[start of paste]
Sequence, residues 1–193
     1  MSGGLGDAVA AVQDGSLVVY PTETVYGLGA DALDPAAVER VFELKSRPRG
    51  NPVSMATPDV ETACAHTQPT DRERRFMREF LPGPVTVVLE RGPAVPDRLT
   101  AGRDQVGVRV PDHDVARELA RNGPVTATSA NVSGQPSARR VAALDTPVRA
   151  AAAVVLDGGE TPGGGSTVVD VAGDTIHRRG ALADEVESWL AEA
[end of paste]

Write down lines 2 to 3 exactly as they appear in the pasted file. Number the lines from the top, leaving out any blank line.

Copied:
     1  MSGGLGDAVA AVQDGSLVVY PTETVYGLGA DALDPAAVER VFELKSRPRG
    51  NPVSMATPDV ETACAHTQPT DRERRFMREF LPGPVTVVLE RGPAVPDRLT